Such identity fraud is nothing new since the emergence of Native American Studies at Western universities some four decades ago, when such federal measures as affirmative action tried to bring American Indians, citizens of Indian nations with appropriate scholarly credentials, into the scholarly academies of the country. Since that time, a large number of non-Native academics have claimed Indian identity over the years to get appointments, grant money, Native authority and publications in the field, and they are assisted by universities like CU which generally refuse to go to the Indian agencies for authentification of an applicant’s citizenship.
Indeed, when Churchill was hired in his position, several Native American scholars spoke against his hiring during the vetting process, to no avail. It is not only inappropriate, it is another example of colonial domination to allow Churchill to further damage an emerging discipline like Indian studies, which has already been complicated by the ideological grounding of White America’s values and supremacy.
Churchill the phony Indian
1) I believe the hiring laws say that you can't hire someone solely because he's an Indian. Even if the job is teaching Indian studies. In theory, a white person could do as good a teaching job as an Indian and should be considered for the job.
But if Churchill got and kept the job under false pretenses, that would be a different matter. Then he'd be guilty of fraud or misrepresentation or lying on a job application. That would seem to be enough to prevent Churchill from resuming his old job.
It's funny that the University of Colorado is trying desperately to keep Churchill out, but won't play the "race card." Why not?
I don't know what the proper procedure would be, but surely there must be one. Maybe students have to file a grievance saying Churchill misled them. Maybe the school has to sue him on the grounds of misrepresentation. Whatever.
If he lied about being an Indian, as most people seem to think, prove it in the proper forum. Force him to explain and defend his so-called Indian heritage. If you can't win this case, then give up and rehire him. But not until you've pursued this avenue.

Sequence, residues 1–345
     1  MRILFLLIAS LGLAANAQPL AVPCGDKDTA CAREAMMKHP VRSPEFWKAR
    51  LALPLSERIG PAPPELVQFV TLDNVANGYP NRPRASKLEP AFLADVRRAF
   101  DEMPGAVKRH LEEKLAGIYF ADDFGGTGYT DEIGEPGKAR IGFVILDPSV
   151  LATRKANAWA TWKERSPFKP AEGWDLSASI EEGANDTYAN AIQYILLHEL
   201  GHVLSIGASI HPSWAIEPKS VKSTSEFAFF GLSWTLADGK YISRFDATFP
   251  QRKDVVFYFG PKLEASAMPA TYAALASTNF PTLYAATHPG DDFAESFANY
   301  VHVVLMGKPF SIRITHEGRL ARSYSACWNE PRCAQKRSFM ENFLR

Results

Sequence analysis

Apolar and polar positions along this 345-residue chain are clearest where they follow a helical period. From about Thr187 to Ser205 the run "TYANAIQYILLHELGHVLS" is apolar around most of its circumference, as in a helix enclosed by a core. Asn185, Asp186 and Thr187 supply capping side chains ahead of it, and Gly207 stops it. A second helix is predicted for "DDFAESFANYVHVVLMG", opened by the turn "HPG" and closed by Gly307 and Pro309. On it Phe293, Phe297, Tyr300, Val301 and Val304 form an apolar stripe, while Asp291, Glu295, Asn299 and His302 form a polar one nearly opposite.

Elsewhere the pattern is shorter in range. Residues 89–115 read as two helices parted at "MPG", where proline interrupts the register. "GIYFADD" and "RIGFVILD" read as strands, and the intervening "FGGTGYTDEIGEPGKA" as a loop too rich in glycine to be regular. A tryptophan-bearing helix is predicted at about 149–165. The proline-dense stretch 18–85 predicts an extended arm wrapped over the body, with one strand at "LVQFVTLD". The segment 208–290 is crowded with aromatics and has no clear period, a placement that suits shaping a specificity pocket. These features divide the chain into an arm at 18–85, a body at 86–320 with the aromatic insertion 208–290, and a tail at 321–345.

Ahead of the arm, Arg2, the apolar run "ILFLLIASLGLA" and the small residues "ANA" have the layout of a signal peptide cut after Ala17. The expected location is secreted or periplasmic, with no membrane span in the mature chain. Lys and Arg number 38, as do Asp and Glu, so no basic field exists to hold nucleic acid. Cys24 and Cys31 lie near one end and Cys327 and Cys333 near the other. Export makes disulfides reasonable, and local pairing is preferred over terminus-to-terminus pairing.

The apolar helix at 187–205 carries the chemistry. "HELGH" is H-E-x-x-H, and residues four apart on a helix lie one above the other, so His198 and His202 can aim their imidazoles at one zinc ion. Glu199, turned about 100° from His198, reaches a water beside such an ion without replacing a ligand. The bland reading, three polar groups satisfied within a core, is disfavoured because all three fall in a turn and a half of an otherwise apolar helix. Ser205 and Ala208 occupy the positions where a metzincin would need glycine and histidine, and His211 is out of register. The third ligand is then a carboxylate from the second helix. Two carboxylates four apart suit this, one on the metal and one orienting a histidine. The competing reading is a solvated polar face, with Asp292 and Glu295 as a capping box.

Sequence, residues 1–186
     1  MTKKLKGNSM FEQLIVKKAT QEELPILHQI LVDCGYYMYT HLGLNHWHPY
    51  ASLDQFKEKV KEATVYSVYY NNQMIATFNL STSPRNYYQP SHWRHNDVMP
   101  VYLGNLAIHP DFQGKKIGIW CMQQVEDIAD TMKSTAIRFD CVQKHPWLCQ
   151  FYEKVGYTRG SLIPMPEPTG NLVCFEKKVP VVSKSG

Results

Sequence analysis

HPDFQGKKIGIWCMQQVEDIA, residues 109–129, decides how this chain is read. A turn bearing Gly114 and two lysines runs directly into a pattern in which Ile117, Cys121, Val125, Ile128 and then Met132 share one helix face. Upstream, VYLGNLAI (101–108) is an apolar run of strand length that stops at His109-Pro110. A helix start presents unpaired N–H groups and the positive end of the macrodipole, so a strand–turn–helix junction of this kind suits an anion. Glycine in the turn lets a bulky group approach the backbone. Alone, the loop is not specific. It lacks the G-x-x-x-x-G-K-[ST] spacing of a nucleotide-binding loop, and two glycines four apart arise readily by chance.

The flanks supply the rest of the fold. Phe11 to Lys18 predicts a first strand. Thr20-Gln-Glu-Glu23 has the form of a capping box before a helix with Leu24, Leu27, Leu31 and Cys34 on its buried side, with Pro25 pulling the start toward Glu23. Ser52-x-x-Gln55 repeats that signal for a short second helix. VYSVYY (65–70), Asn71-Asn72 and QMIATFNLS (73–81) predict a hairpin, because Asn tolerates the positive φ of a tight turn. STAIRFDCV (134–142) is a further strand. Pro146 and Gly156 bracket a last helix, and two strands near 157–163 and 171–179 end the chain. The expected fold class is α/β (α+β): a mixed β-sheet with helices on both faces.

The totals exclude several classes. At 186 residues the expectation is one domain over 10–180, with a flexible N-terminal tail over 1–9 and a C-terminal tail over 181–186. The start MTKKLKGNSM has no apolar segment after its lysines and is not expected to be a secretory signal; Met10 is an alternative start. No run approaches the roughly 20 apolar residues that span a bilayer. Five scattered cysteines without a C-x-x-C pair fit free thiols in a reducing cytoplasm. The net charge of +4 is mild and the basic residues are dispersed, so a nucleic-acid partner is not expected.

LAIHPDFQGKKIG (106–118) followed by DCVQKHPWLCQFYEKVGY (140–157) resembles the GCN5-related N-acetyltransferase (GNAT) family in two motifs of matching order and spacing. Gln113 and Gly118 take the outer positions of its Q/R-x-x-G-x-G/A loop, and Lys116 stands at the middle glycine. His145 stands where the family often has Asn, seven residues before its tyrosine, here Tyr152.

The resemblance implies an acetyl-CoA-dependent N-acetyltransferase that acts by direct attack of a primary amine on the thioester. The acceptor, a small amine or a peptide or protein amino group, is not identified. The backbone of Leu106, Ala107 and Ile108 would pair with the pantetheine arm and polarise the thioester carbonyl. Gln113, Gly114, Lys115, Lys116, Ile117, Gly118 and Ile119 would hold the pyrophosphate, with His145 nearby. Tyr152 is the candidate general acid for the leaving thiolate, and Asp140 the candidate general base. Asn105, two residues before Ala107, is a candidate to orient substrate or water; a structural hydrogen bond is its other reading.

Incidentally, this is where I laugh once again at people like Kalisetsi and Angryindian for saying white folks shouldn't judge Indians. As usual, I'm not making the determination, people. I'm merely repeating and reflecting what most Indians think. They're the ones who believe Churchill is a phony.
Churchill's pro-Indian rhetoric
2) Cook-Lynn's second charge is that Churchill has hurt the "indigenous-ness and sovereignty" causes, weakened the "anti-colonial movement." How, by being more rabidly pro-Indian than most Indians? By adamantly promoting an indigenous worldview and denouncing America's colonialist government whenever he can? I don't quite see it.
He may have hurt these pro-Indian causes by fabricating evidence to support his radical positions. As I've said before, historical truth is the ideal and Churchill is a propagandist. But that's what the trial was about, and he won. He convinced a jury of his peers that his academic transgressions were minor, not major.
The point Cook-Lynn doesn't quite address is that Churchill has spent most of his career writing books, giving speeches, and drawing attention to a hard-core indigenous agenda. I don't think his alleged sins necessarily contradict or outweigh that. The agenda may be legitimate even if the author isn't.
Sure, Churchill's sloppy citations may lead some to question the Native position in general. But how many people will focus on his handful of misleading citations and how many on his many pro-Indian books and speeches? Except for his "little Eichmanns" essay and the resulting furor--a controversy he didn't start--the latter would be his legacy.
Sure, Churchill's dubious heritage may rob the limelight from genuine Native scholars. But if he's as pro-Indian as they are, does that disqualify him? He may be profiting off his alleged Indian-ness at their expense, taking away their career opportunities, but that's a personal or personnel matter. It's not the same as saying he's hurting the "anti-colonial movement" overall.
All the old AIM people--Russell Means, Dennis Banks, John Trudell, et al.--have publicized themselves to publicize their causes, and they're genuine Indians. If Churchill is doing roughly the same thing, are they all guilty of hurting the cause? Should people stick to writing op-eds like this one and not draw attention to themselves? I don't think so.
Summing up the charges against Churchill:
If Cook-Lynn objects to this rhetoric, as many people do, she should make a case against it. She hasn't done that here. Pointing out Churchill's faults--minor academic transgressions, phony Indian heritage, self-aggrandizement--does nothing to challenge his underlying positions. Again, these issues are separate matters.
For more on the subject, see Churchill from Beginning to End and Churchill: Manifest Destiny = Holocaust.